An artist’s impression of how James Cook University’s new Technology Innovation Complex, funded by the NAIF, will look.
An artist’s impression of how James Cook University’s new Technology Innovation Complex, funded by the NAIF, will look.

First NAIF build off the blocks

THE Northern Australia Infrastructure Facility has finally signed off on its first project for Queensland and largest financial loan to date - a $96 million bid to attract more young people to the resources sector.

Northern Australia Minister Matt Canavan will today announce a $96 million loan for James Cook University to build a hi-tech Technology Innovation Complex designed to attract more engineering students across a range of specialities, to keep talent in the north.

Ageing buildings at the almost 50-year-old university will be eclipsed by the new complex, which will be used by students as well as researchers, industry partners and start-up businesses.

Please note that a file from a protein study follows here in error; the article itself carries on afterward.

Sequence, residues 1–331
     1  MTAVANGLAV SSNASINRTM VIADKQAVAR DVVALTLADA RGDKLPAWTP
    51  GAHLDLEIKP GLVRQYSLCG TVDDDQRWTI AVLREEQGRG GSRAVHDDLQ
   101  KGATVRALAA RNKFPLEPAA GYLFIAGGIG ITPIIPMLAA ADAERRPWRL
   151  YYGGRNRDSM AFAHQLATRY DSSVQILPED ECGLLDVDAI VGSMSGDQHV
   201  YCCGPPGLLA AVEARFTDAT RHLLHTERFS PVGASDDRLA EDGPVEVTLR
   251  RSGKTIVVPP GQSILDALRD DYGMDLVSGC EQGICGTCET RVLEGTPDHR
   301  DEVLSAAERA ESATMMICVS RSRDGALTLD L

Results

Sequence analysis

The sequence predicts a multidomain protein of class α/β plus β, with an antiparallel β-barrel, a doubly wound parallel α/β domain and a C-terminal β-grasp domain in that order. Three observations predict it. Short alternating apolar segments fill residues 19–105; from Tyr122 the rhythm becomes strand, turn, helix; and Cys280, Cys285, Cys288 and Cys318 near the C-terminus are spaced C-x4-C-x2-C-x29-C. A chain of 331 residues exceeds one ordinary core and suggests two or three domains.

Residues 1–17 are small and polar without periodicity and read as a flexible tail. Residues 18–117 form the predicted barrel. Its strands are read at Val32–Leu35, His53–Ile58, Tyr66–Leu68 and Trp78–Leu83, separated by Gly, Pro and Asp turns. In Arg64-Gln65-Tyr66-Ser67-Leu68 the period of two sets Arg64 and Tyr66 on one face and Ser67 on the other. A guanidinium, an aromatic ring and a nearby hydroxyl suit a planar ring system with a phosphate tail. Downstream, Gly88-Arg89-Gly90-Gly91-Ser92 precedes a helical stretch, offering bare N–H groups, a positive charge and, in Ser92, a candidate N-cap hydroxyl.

The move comes after recent studies by Mining Education Australia warned of a looming critical shortage of mining engineering graduates.

These suggest that, nationwide, enrolments have dropped from 307 students in 2008, at the height of the mining boom, to just 32 this year.

 

Northern Australia Senator Matt Canavan. Picture: Kym Smith
Northern Australia Senator Matt Canavan. Picture: Kym Smith

 

The JCU complex will be the first project approved by the NAIF for Queensland and the largest loan issued to date, subject to state agreement.

Senator Canavan said while the new facility was not specifically for mining engineering, it would help attract young people into the resources sector.

"The most direct way to meet this regional skills shortage is to train people in the ­regions and this facility can do that," he said.

"More engineers will help support our coal and mineral sectors.

"We have built our mining sector by harnessing the efforts of some of the world's best engineers trained here in Australia. This new facility will help us repeat that success in the ­future."

Labor has been critical of the cost of running the NAIF, with staffing costs topping $3 million each year, for little output in its first two years of operation.



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